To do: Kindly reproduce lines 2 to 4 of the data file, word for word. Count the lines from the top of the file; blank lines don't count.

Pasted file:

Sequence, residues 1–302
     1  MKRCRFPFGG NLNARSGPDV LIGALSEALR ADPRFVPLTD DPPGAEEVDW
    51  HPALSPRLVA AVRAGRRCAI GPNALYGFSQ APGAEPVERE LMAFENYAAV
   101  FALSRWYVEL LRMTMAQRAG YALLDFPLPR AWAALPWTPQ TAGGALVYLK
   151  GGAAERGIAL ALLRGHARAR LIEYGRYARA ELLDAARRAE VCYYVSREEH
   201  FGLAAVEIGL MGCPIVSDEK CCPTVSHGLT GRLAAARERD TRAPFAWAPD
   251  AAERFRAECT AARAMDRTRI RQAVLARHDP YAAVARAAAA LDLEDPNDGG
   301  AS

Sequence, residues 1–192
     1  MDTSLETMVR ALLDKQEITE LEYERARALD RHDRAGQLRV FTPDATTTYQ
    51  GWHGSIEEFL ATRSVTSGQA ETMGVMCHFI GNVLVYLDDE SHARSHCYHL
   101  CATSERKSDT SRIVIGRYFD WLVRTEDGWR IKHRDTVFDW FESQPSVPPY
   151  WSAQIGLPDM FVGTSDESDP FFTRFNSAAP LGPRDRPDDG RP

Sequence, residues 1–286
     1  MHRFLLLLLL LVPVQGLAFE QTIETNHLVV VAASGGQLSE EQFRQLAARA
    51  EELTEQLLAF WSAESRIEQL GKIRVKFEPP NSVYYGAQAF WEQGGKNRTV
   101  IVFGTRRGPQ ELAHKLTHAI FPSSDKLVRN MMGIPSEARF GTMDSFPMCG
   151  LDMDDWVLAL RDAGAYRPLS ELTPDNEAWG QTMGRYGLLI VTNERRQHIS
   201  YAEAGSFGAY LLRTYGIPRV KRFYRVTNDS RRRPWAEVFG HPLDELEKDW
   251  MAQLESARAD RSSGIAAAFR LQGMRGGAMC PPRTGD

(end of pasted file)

     1  MKRCRFPFGG NLNARSGPDV LIGALSEALR ADPRFVPLTD DPPGAEEVDW
    51  HPALSPRLVA AVRAGRRCAI GPNALYGFSQ APGAEPVERE LMAFENYAAV
   101  FALSRWYVEL LRMTMAQRAG YALLDFPLPR AWAALPWTPQ TAGGALVYLK